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Details of Grant 

EPSRC Reference: EP/H02235X/1
Title: Experimental studies of the mechanism of biological organisation.
Principal Investigator: Weightman, Professor P
Other Investigators:
Cossins, Professor AR Williams, Professor R Edgar, Professor DH
Researcher Co-Investigators:
Project Partners:
Department: Physics
Organisation: University of Liverpool
Scheme: Standard Research
Starts: 01 November 2009 Ends: 30 June 2011 Value (£): 200,116
EPSRC Research Topic Classifications:
Cells Magnetism/Magnetic Phenomena
Tissue Engineering
EPSRC Industrial Sector Classifications:
Related Grants:
Panel History:
Panel DatePanel NameOutcome
11 Sep 2009 Cross-Disciplinary Feasibility Account Announced
Summary on Grant Application Form
One of the most difficult things to understand about living things is their ability to maintain themselves in an active organised state without running down. Physicists expect all systems to be governed by thermodynamics the second law of which states that the disorder, or entropy, of a system will always increase. For a living system this is a sentence of decay, disorder and death and that is the fate of all life. However thermodynamics allows an ordered state to continue provided it is maintained out of equilibrium and a flow of free energy through the system acts to increase the entropy outside of the system. So thermodynamics is compatible with the existence of living things but it does not provide any information on the mechanisms by which living systems organise and maintain themselves.This research programme will provide several experimental tests of a long standing and controversial hypothesis that very long wavelength modes of vibration in the terahertz (THz) region of the electromagnetic spectrum play an important role in the self-organisation of biological systems. THz waves have wavelengths of the order of 300 microns and lie between radio waves and infrared radiation in the electromagnetic spectrum. The idea that THz modes are exploited in mechanisms of biological organisation is appealing since at the temperatures at which living things operate the thermal energy is able to excite waves with energies up to 6 THz. Consequently it is possible that rotational and vibrational modes excited in this frequency range by chemical interactions in living things will have been selected by evolution to play a role in biological organisation. A crucial issue is whether THz modes live long enough to be important in biological activity. The detailed theoretical work is conflicting and the experimental evidence for long-lived THz modes is sparse and controversial. What is needed to resolve this question is experiments. However laboratory sources of THz radiation are weak, with power levels in the micro W to mille W range and these low power levels are the principle reason why it has not been possible to carryout a convincing test of this hypothesis previously. In this programme we will exploit the unique intense THz beamline on the ALICE accelerator at the Daresbury laboratory that is equipped with a tissue culture facility. The beamline has a high peak power, 70 kW, and a low average power 24 mW. The high peak power is delivered in a short pulse of < 1 pico second. The high peak power is important because it enables us to overcome the problem of THz absorption by water. The low average power makes it possible to eliminate thermal effects which can have a major impact on biological systems. Finally some of the experiments could not be done without the ability to maintain the specimens in the tissue culture facility.THz radiation has the potential to influence multiple levels of biological organisation; direct interactions at the molecular level have the potential to affect cell behaviour, which in turn will influence cell-cell interactions thereby affecting the development of the whole organism. We will therefore investigate the role of THz at all three levels of biological organisation by studying:-1) The role of THz modes in biomolecular interactions2) The influence of THz modes on the growth and differentiation of stem cells.3) The influence of THz modes on the normal development of zebra fish embryos. Finally in order to consolidate research collaborations between physical scientists and life scientists in the University of Liverpool we will invite teams from this community to submit proposals for small scale speculative research programmes.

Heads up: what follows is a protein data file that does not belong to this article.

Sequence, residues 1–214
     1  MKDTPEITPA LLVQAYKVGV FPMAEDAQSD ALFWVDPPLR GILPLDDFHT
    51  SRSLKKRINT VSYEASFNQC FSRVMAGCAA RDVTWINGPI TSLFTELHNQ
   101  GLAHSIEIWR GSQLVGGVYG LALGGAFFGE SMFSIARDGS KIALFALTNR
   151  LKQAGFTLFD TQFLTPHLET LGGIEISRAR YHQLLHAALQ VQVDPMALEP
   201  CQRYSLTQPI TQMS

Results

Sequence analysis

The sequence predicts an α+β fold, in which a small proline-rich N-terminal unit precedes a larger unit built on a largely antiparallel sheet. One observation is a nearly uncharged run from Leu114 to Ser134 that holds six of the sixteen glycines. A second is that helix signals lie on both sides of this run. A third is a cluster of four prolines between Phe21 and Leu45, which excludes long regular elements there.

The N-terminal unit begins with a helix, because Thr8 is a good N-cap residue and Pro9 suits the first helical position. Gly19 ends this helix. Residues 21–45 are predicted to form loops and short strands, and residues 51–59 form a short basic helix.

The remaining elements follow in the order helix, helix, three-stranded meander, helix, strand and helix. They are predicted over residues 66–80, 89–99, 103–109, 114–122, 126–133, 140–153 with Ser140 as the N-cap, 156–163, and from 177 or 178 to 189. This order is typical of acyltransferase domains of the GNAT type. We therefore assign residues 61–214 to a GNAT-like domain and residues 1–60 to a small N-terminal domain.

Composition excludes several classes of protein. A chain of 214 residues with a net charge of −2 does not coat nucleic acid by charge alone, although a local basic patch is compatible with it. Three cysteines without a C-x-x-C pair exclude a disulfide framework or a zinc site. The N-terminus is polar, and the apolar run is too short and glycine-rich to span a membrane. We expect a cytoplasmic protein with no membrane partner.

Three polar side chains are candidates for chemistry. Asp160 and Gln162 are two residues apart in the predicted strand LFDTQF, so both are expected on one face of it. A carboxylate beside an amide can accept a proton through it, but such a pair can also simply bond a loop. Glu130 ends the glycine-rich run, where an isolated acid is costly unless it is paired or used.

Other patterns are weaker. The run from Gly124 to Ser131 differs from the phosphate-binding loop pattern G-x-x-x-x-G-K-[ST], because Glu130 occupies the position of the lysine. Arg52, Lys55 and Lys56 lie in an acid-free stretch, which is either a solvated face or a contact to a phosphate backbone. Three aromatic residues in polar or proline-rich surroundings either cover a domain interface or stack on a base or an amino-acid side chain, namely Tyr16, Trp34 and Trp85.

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Organisation Website: http://www.liv.ac.uk